Set reasonable benchmarks for progress, and leave a cushion if you can. You’ll find it easier to catch up that way.

5. Start Fresh

You will have days when your procrastination wins, and you don’t get as much done as you plan. The next day, it’s better to start fresh.

Avoid rehashing everything that you did wrong. Focusing on mistakes can create a negative feedback loop, making it even harder to motivate yourself.

Instead, treat each day as a new opportunity to complete items on your list. Give yourself the space you need to begin with optimism.

Get Moving Help

Moving is a complicated set of tasks, and procrastinating is easy. These tips can help. Contact us for more information about scheduling your upcoming move. We can help take care of things and reduce your anxiety.

Hit the Slopes at These New Hampshire Ski Resorts

Are you considering moving to New Hampshire? For anyone who loves snow activities, New Hampshire is the perfect place! After all, New Hampshire’s White Mountains are the tallest peaks in the Eastern United States — and that means you’ve got plenty of choices when it comes to skiing, snowboarding, sledding, and other snow sports.

As a bonus, New Hampshire’s dozen or so ski resorts are just a short distance from one another, so you’ll have plenty of options within convenient driving distance. Here are a few favorite places to hit the slopes and explore in New Hampshire.

Pats Peak

Founded in 1963, family-owned and operated Pats Peak offers affordable pricing and runs for all ability levels. Located 25 miles from Concord, NH, Pats Peak has nine glade areas with 11 lifts providing access to almost 30 trails and slopes. With a vertical drop of 770 feet, there’s something for everyone here, with about half the mountain appropriate for beginners and the rest a mix of intermediate, advanced, and expert. Pats Peak also has an advanced snowmaking system to guarantee great snow all winter long. And, unlike many other resorts, 100 percent of the mountain is lit for night skiing, making it easy to hit the slopes after work. The resort also hosts off-season summer weddings and receptions. Wedding options include ceremonies and receptions at the base of the mountain and a Summit Ceremony Skyride Package to wed on the summit of Pats Peak.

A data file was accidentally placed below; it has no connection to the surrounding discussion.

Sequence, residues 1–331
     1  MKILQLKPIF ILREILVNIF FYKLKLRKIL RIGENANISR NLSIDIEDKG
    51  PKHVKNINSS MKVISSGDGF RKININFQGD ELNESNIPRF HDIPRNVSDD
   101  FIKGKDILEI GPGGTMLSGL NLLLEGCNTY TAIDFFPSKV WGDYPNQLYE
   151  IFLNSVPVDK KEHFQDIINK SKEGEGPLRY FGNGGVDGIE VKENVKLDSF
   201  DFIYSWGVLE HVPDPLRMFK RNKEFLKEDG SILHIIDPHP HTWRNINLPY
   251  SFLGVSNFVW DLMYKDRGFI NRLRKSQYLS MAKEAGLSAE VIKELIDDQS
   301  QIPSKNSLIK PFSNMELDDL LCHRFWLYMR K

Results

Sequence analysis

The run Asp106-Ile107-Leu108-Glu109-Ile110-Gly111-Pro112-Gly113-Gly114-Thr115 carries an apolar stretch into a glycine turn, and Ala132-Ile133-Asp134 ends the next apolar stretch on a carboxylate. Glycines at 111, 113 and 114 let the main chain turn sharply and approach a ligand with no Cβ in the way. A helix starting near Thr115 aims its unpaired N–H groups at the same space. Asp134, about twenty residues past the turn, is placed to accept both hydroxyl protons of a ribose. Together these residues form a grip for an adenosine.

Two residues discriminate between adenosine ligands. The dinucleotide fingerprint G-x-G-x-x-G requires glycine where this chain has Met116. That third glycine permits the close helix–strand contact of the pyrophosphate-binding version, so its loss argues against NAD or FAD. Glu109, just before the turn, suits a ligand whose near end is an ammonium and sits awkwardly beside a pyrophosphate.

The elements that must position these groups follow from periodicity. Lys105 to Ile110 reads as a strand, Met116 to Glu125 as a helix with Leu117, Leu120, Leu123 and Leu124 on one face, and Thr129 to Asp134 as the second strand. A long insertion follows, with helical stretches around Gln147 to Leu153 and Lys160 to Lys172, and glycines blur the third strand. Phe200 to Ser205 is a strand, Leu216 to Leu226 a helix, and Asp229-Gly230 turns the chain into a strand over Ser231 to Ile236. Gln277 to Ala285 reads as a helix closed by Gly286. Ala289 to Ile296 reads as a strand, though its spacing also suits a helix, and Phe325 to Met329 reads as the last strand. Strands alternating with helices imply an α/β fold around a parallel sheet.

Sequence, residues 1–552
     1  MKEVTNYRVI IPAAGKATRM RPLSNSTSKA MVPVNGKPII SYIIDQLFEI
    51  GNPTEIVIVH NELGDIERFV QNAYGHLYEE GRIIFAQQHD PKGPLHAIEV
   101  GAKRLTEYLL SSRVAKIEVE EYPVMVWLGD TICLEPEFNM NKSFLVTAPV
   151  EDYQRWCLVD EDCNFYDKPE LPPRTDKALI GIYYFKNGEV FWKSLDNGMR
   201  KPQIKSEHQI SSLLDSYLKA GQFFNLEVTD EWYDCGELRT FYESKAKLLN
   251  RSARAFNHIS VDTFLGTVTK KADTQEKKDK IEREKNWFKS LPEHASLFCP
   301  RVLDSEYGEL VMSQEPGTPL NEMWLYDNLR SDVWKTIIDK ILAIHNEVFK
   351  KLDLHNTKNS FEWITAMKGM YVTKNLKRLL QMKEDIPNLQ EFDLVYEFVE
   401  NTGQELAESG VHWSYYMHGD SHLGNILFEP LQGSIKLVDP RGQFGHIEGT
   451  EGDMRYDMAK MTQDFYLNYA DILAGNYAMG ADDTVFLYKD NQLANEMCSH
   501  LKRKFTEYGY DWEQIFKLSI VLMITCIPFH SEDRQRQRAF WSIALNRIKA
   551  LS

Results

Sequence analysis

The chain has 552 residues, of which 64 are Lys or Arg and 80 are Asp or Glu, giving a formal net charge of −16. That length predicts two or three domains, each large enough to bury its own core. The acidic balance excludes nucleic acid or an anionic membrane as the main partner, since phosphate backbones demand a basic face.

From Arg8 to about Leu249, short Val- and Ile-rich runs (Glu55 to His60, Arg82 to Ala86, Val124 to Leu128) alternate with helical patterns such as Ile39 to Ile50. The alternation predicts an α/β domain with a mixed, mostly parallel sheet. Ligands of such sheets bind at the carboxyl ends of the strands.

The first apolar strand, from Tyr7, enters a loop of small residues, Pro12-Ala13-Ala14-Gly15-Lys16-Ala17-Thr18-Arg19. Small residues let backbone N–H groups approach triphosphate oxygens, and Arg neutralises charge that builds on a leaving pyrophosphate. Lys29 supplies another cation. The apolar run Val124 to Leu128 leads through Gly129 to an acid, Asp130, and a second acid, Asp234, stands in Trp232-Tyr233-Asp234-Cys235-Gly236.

Gunstock Mountain Resort

Boasting a 1,340-foot vertical drop and 55 trails, Gunstock Mountain Resort, less than an hour from Concord, NH, is one of the larger resorts in the region. Head to the top for stunning views of Lake Winnipesaukee from 2,200 feet. Gunstock Mountain offers separate areas for novice skiers and a highly reviewed learning program. Most of the mountain suits intermediate and advanced skiers, with a few black-diamond runs in the mix. Throw in 22 acres of freestyle terrain, a large Nordic park, and a tubing hill, and it’s easy to see why this resort is so popular with locals. Some off-season resort activities include camping, zip lines, and hiking.

Ragged Mountain Resort

Just outside Danbury, and less than an hour from Concord, NH, Ragged Mountain Resort boasts 250 skiable acres and 57 trails. It’s also got one of the area’s only six-person, high-speed chairlifts. With a 1,250-foot vertical drop, there are trails for all levels at Ragged Mountain; difficulty levels range from novice to advanced. Beginners will particularly appreciate the two courses at the top of the mountain, a rare feature at most ski resorts that place beginner trails lower. In addition, the resort offers slope-side lodging for those who want to take a snowy staycation. Ragged Mountain Resort also boasts several venues for summertime weddings and celebrations.

Crotched Mountain Resort

New Hampshire’s southernmost resort, Crotched Mountain Resort, is an excellent destination for intermediate and advanced skiers. The resort’s 1,000-foot vertical drop excites those who want challenging trails. There’s also a separate area for novice and beginning skiers and snowboarders. Crotched Mountain offers all-mountain night skiing, with 100 percent of the courses lit up. The resort also boasts three freestyle terrain parks with varying levels of difficulty. Just outside of Bennington, New Hampshire, this popular resort offers a restaurant and lodge and state-of-the-art snowmaking equipment to ensure lots of the white stuff.